The 'Sex And The City' Cultural Effect
Previous generations placed a premium on keeping a woman's number of men dated, and certainly sexual partners, to a minimum. Obviously, this emerged from the idea that a woman's virtue and reputation were one of her most valuable commodities. It was thought that a woman's husband should be "her person" - the only one in the world she should give herself to. Virtue was kept safe and saved for that husband, so that he would know he was getting a good egg of a lady. The societal, non-religious, norm of virginity before marriage seemed to exist primarily for man's benefit. A man picked his partner, and then he became the one for her.
"Sex and the City" changed this sequence of events. The four main characters on the show must have dated nearly hundreds of men (and one woman), between them. All but one - Samantha - was on a quest to find her meant to be, with a few funsy detours along the way. Carrie, Miranda, and Charlotte were not looking to be with a variety of men, but rather searching for the one that fit with them best. They pulled way from the previous rules, and engaged in their own vetting processes. Over years, they defined what they did, and maybe more importantly didn't, want in a partner.
For at least Carrie, though, this process was about more than just boiling down criteria - it was about the process, itself. Carrie managed to find Aidan, a wonderful man who she was deeply in love with. Although she accepted his proposal, she could not go through with marriage. Carrie wanted to be with Aidan, but in yet another twist of gender roles, he left her because she couldn't fully commit. It was like Carrie knew she wasn't quite done with the dating process - she needed to be with a few more men to be sure Aidan, or anyone else, was the one for her.
Even Charlotte, who was most eager to believe that every man she dated was the one she would marry, had to go through her own process to find her bashert, or meant to be. This included a failed marriage to a man with whom she abstained from sex before their wedding. Ultimately, his sexual-ahem-issues, shall we say, which would have been discovered by pre-marital sex, contributed to their divorce. (A not-so subtle cue, perhaps, that the old way of dating and abstaining should officially be labeled as ineffective?) Even though Charlotte didn't feel the same itch that Carrie felt, to be truly happy, both of them had to actively find their match, and then commit - not the other way around.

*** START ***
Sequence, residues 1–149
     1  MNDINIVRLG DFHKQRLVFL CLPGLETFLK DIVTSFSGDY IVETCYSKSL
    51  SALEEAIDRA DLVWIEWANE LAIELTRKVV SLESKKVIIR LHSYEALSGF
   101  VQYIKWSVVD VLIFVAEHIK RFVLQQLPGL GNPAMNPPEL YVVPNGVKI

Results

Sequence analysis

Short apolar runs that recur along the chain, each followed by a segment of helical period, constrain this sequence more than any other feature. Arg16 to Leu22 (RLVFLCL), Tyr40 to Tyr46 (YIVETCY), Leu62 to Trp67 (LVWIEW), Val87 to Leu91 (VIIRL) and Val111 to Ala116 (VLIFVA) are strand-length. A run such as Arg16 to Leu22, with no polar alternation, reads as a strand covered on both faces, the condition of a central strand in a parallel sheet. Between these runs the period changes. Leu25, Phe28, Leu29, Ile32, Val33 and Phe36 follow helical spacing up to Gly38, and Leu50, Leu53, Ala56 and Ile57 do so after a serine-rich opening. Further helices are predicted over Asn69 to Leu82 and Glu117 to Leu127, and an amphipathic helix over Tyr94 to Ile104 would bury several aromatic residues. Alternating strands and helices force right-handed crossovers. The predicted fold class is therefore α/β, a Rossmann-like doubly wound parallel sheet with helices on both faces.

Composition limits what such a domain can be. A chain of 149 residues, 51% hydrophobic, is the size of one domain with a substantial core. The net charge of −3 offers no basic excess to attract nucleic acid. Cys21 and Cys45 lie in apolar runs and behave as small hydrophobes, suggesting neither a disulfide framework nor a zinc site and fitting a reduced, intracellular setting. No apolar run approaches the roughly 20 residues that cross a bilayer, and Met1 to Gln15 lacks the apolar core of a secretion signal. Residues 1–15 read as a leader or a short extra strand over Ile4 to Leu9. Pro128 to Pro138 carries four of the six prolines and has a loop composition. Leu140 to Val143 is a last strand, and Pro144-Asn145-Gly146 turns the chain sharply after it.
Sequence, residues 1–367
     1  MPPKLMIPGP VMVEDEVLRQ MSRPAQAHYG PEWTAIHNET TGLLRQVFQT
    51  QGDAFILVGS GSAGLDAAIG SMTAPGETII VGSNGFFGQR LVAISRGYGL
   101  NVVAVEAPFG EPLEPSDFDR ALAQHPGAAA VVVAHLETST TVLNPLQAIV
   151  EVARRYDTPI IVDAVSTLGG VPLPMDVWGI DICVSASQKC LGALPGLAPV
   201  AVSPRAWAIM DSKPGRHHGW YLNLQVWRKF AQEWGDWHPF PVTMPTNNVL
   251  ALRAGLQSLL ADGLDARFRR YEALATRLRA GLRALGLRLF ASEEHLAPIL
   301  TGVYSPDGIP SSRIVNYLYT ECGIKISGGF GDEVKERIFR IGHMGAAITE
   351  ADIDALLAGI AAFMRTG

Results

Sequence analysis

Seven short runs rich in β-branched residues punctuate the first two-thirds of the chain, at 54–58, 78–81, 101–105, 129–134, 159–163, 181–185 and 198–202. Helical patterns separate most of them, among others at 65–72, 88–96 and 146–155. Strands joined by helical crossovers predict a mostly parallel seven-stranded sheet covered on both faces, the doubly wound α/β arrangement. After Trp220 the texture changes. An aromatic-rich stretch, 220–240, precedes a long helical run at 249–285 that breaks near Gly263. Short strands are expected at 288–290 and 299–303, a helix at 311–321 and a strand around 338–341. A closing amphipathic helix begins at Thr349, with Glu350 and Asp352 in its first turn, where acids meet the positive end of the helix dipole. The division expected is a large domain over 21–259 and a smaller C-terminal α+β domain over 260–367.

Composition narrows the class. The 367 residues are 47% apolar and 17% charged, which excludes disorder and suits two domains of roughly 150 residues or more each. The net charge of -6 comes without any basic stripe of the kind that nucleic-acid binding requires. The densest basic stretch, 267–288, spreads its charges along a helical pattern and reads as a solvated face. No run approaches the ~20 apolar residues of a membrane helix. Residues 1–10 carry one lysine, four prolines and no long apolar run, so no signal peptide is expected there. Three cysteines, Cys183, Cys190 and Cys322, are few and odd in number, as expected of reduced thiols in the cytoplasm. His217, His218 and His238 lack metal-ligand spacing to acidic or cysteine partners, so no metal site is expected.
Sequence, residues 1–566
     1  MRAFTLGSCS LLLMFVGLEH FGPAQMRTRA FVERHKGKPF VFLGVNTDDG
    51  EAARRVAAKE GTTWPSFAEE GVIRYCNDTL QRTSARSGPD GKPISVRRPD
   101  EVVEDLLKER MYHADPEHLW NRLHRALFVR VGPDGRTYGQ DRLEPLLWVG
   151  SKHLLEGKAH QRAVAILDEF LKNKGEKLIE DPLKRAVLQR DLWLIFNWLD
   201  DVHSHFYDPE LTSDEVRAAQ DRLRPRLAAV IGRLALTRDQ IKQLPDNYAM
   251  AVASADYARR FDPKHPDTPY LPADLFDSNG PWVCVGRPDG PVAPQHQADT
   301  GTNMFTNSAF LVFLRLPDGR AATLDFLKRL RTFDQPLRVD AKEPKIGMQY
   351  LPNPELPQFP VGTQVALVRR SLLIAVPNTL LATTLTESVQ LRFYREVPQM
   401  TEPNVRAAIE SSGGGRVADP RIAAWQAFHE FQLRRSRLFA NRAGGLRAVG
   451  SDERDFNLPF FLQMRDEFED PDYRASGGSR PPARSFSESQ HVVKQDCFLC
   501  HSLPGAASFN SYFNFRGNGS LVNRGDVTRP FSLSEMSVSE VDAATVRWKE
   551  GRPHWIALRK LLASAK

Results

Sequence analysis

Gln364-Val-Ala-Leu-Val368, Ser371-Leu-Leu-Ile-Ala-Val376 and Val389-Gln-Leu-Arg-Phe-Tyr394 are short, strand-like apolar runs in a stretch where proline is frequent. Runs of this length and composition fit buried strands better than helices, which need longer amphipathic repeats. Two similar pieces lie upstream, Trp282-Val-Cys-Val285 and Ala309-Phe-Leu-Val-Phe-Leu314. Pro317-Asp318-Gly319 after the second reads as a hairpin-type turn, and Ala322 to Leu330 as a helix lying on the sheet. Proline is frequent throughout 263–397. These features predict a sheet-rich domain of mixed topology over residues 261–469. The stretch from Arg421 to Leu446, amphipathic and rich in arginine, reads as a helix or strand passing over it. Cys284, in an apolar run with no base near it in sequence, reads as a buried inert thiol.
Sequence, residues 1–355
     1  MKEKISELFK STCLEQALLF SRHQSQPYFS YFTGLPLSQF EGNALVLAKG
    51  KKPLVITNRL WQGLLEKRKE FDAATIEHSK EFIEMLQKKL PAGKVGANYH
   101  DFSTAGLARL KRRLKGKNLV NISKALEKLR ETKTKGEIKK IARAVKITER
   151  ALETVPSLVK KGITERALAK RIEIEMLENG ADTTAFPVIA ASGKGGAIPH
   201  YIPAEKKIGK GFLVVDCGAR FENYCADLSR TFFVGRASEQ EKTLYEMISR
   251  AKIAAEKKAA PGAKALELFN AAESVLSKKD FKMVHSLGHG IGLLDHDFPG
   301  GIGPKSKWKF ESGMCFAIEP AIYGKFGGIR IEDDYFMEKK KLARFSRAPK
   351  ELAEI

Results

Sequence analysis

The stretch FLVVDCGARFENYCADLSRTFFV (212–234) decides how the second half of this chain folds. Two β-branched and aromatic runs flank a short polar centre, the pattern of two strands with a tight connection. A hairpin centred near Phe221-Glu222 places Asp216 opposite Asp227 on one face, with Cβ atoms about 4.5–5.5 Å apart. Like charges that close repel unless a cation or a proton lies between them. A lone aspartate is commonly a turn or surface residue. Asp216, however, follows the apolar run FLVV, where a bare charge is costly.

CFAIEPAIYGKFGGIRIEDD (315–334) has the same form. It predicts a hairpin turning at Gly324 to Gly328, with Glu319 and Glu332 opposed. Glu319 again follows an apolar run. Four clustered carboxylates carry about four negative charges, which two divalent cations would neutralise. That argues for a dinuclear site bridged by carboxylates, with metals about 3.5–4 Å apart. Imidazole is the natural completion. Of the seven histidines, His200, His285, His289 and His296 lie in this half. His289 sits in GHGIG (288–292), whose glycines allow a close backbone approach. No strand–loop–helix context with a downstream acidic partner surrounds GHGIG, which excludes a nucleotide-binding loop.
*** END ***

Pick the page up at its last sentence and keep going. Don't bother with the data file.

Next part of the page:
Much like young women began to think twice before ordering the same old vodka-tonic, "Sex and the City" probably caused them to think twice before committing themselves to another person for the long haul. Of course, it's unlikely that anyone thinks to themselves, "but Carrie had to date a lot of men, so I should to," but the show certainly planted a subconscious seed of thought in women's brains. The choice between premature, socially pressured commitment, and distilled, thoughtful, true love and decision-making is obvious. However, in life outside the television screen, this clarity can become muddled. The situation sometimes miraculously arises that a young woman finds herself with a wonderful man, but still feels the need to see what else is out there, a la Carrie. Could this type of action have detrimental effects, by causing people to miss their exit to happiness because they are trying to see who is in the car in the next lane?
Our culture, with so much exposure to the way other people live their lives and the choices they make, through both reality and fictional television, is very example oriented. We see a brand of shoe, body type, diet, or relationship style exemplified in some media form and we are eager to ingest and emulate it. Some independent thought, especially when it comes to interpersonal relationships, is essential, though. We need to try to make sure that the choices we make are our own, and based on situational and personal uniquities, and not on following paths set out by popular models. Given the influence, mostly subconscious, that media giants like "Sex and the City" have, it is extra important to be sure that women, however clichéd, pull away and think things out so they follow their own hearts and minds. If this means dating 100 men, so be it, and if it means dating two, maybe that's even better. After all, if the Manolo - or man - fits….
Story by Sarah Levin
Starpulse contributing writer
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